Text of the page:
• Tumors’ alternative energy source could be new target for melanoma therapy

    Melanoma tumors switch to an alternative energy system when they develop resistance to chemotherapy, making that alternative system an attractive target for new treatments, according to researchers at Indiana University School of Medicine. These findings highlight the potential of this enzyme as a novel target for a new anti-melanoma therapy, Dr. Naidu said. "If we can develop a drug that can effectively inhibit this enzyme, we could extend the life of melanoma patients from months to years," he said.

  • Cell therapy firm licenses IUSM technology that creates blood vessels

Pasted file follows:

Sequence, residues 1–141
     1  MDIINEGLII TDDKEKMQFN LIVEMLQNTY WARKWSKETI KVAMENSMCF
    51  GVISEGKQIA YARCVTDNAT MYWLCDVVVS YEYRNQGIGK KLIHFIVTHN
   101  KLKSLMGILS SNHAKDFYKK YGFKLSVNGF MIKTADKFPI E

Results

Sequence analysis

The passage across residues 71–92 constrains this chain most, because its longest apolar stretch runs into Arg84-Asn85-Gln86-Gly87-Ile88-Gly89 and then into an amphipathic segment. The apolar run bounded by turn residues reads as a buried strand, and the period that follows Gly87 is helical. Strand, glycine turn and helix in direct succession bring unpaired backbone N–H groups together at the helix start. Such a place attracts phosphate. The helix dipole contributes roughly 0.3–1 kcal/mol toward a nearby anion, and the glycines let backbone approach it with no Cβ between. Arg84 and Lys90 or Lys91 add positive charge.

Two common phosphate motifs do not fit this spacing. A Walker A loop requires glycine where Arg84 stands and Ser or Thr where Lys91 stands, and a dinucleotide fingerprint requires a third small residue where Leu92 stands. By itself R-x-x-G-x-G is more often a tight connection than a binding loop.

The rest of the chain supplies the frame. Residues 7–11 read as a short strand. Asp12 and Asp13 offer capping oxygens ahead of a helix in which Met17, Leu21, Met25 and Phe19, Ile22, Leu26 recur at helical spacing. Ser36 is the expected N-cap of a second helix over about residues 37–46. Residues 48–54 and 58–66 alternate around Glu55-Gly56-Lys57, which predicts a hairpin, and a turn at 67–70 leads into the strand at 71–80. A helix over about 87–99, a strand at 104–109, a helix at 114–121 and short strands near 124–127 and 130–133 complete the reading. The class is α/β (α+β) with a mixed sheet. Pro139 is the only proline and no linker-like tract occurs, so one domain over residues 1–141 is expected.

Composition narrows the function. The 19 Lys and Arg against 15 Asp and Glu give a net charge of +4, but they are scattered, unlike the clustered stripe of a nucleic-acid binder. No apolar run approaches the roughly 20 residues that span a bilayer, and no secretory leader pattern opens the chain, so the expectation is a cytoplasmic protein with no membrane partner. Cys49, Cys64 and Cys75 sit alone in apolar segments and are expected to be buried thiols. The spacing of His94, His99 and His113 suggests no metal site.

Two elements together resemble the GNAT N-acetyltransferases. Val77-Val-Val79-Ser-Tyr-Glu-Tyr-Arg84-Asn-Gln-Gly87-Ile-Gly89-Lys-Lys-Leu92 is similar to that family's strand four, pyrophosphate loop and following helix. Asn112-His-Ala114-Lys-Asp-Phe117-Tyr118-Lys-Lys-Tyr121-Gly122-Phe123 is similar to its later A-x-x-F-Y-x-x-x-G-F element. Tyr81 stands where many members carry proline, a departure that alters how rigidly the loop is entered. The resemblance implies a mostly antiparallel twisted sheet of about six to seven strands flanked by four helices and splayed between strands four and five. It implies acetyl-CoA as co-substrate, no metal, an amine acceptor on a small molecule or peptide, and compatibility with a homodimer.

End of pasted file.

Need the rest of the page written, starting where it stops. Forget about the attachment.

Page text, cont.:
The technology was developed by Mervin C. Yoder, M.D., the Richard and Pauline Klinger Professor of Pediatrics and professor of biochemistry and molecular biology at the Indiana University School of Medicine. He said a condition called peripheral arterial disease, caused by damaged blood vessels, diminishes blood flow to a person's lower extremities, with potentially serious consequences.

  • IUSM precision medicine proposal one of five finalists for IU Grand Challenges program

    An Indiana University School of Medicine proposal to develop a comprehensive precision medicine initiative is one of five finalists selected to submit full proposals for funding through theIndiana University Grand Challenges Program, the most ambitious research program in the university's history. The program, launched in September, will invest up to $300 million over five years to address some of the most urgent challenges facing Indiana and the world.